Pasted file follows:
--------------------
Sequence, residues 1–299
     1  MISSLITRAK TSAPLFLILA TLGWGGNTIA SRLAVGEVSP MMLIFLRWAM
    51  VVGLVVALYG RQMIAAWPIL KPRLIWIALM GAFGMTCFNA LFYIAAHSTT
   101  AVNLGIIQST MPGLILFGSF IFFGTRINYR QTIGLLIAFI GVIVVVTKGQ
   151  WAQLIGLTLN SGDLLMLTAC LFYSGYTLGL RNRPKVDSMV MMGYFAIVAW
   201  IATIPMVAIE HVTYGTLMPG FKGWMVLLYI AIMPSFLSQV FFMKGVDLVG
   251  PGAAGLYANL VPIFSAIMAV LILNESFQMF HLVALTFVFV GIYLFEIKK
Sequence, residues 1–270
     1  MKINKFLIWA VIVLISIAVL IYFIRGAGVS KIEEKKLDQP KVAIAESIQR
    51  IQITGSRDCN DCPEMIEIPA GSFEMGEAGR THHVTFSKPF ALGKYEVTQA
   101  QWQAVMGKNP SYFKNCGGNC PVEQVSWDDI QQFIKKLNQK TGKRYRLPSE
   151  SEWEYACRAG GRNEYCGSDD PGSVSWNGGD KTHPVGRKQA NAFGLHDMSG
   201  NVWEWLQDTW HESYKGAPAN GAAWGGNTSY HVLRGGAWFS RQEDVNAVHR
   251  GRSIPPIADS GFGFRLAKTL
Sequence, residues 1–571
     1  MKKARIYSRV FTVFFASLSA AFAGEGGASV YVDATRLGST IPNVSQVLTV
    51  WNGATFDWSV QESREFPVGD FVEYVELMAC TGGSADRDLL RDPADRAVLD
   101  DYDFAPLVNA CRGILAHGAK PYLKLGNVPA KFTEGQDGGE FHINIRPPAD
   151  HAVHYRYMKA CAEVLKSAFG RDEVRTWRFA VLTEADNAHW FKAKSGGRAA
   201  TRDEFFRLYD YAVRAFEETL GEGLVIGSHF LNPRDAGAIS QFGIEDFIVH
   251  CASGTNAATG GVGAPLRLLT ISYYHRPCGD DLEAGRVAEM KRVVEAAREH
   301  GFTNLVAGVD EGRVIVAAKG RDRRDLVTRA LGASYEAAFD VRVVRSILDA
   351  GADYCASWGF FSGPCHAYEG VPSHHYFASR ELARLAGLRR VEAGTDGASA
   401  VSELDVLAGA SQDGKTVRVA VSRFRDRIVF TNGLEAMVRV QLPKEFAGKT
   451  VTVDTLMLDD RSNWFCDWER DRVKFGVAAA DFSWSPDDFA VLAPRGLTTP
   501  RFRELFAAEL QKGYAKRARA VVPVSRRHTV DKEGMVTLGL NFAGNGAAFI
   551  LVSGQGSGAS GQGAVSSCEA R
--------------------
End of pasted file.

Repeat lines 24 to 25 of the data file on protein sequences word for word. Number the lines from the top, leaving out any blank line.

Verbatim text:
   401  VSELDVLAGA SQDGKTVRVA VSRFRDRIVF TNGLEAMVRV QLPKEFAGKT
   451  VTVDTLMLDD RSNWFCDWER DRVKFGVAAA DFSWSPDDFA VLAPRGLTTP